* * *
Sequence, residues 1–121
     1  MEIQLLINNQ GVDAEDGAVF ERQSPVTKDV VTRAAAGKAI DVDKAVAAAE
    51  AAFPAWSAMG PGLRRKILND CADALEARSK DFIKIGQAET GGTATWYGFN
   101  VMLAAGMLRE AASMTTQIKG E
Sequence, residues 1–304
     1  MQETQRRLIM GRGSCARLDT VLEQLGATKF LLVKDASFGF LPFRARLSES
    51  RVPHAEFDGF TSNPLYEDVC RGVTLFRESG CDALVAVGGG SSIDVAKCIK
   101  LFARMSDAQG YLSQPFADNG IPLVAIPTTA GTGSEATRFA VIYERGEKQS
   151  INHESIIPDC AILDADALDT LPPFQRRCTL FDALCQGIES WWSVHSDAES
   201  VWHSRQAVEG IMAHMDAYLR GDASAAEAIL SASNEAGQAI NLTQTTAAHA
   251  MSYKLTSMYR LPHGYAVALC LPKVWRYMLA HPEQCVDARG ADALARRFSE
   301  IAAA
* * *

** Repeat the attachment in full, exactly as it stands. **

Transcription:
Sequence, residues 1–121
     1  MEIQLLINNQ GVDAEDGAVF ERQSPVTKDV VTRAAAGKAI DVDKAVAAAE
    51  AAFPAWSAMG PGLRRKILND CADALEARSK DFIKIGQAET GGTATWYGFN
   101  VMLAAGMLRE AASMTTQIKG E
Sequence, residues 1–304
     1  MQETQRRLIM GRGSCARLDT VLEQLGATKF LLVKDASFGF LPFRARLSES
    51  RVPHAEFDGF TSNPLYEDVC RGVTLFRESG CDALVAVGGG SSIDVAKCIK
   101  LFARMSDAQG YLSQPFADNG IPLVAIPTTA GTGSEATRFA VIYERGEKQS
   151  INHESIIPDC AILDADALDT LPPFQRRCTL FDALCQGIES WWSVHSDAES
   201  VWHSRQAVEG IMAHMDAYLR GDASAAEAIL SASNEAGQAI NLTQTTAAHA
   251  MSYKLTSMYR LPHGYAVALC LPKVWRYMLA HPEQCVDARG ADALARRFSE
   301  IAAA